A party seeking to enforce agreed forum-selection and choice-of-law clauses can cite to the decisions of lower courts that have deemed preempted a state's construction-specific home-court rules as applied to an agreement to arbitrate subject to the FAA. See, e.g., Millenium 3 Techs. v. ARINC, Inc., 2008 U.S. Dist. LEXIS 111350 (D. Ariz. Oct. 28, 2008) (declining to decide whether Arizona home-court statute applied as question properly within the jurisdiction of the out-of-state arbitrator); R.A. Bright Construction, Inc. v. Weis Builders, Inc., 930 N.E.2d 565 (Ill. App. Ct. 3d Dist. 2010); LaSalle Group, Inc. v. Electromation of Del. County, Inc., 880 N.E.2d 330 (Ind. Ct. App. 2008); Lodgeworks, L.P. v. C.F. Jordan Construction, LLC, 2012 U.S. Dist. LEXIS 24592 (D. Kan. Feb. 27, 2012); M.A. Mortenson/The Meyne Co. v. Edward E. Gillen Co., 2003 U.S. Dist. LEXIS 23175 (D. Minn. Dec. 17, 2003); Aspen Spa Props., LLC v. Int'l Design Concepts, 527 F. Supp.2d 469 (E.D.N.C. 2007); GEM Mech. Servs. v. DV II, LLC, 2012 U.S. Dist. LEXIS 133591 (D.R.I. Sept. 17, 2012); Ope Int'l LP v. Chet Morrison Contractors, 258 F.3d 443 (5th Cir. Tex. 2001); Cleveland Construction, Inc. v. Levco Construction, Inc., 359 S.W.3d 843 (Tex. App. Houston 1st Dist. 2012).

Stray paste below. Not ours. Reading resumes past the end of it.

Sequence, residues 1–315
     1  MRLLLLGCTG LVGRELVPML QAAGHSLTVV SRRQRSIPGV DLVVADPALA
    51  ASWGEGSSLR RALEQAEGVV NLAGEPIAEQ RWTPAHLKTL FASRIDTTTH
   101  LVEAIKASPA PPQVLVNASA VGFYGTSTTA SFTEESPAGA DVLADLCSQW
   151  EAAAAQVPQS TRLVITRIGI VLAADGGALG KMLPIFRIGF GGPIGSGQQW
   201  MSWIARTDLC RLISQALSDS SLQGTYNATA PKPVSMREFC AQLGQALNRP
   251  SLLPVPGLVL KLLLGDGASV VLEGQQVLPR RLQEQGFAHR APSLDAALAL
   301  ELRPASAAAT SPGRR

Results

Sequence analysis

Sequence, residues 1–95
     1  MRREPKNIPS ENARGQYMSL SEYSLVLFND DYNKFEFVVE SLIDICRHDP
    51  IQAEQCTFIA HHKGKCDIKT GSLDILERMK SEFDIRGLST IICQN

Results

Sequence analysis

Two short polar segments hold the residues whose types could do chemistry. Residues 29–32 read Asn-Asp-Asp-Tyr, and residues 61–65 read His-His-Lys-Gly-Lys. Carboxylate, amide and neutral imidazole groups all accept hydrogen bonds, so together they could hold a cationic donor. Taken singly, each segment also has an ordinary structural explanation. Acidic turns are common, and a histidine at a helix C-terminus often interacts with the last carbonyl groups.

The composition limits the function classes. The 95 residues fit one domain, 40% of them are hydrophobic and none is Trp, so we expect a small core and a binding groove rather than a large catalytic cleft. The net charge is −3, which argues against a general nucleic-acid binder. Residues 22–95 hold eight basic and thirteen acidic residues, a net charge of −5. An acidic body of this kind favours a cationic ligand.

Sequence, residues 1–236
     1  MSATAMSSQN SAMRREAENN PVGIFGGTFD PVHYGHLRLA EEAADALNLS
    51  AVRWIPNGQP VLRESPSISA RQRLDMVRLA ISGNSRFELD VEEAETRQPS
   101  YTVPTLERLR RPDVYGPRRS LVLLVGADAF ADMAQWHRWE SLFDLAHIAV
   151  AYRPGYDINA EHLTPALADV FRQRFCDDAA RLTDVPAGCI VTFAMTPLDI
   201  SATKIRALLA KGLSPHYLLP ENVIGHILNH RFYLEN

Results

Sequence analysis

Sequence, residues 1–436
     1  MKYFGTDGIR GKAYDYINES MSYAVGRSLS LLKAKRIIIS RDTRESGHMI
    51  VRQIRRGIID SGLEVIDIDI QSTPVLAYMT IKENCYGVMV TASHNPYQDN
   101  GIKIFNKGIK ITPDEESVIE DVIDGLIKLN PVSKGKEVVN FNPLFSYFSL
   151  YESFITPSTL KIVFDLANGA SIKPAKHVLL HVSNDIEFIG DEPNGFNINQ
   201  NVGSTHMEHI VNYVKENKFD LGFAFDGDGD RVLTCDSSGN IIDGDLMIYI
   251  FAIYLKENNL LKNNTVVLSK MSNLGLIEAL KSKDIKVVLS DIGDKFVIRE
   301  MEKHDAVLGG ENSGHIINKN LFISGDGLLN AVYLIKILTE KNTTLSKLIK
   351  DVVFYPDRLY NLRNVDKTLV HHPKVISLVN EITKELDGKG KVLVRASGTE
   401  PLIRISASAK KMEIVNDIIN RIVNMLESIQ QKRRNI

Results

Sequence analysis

If the Construction Project Is Located Within a Federal Enclave
The construction-specific home-court-rules likely may have no effect given that state law may not apply to federal enclaves, like federal military installations. See, e.g., United States ex rel. Milestone Contractors, L.P. v. Toltest, Inc., 2009 U.S. Dist. LEXIS 44382 (S.D. Ind. May 27, 2009) (Camp Atterbury, in Edinburg, Indiana); United States ex rel. J-Crew Mgmt. v. Atlantic Marine Construction Co., 2012 U.S. Dist. LEXIS 182375 (W.D. Tex. Aug. 6, 2012) (Fort Hood, Texas).
If the Suit Is Filed in an Unsympathetic Forum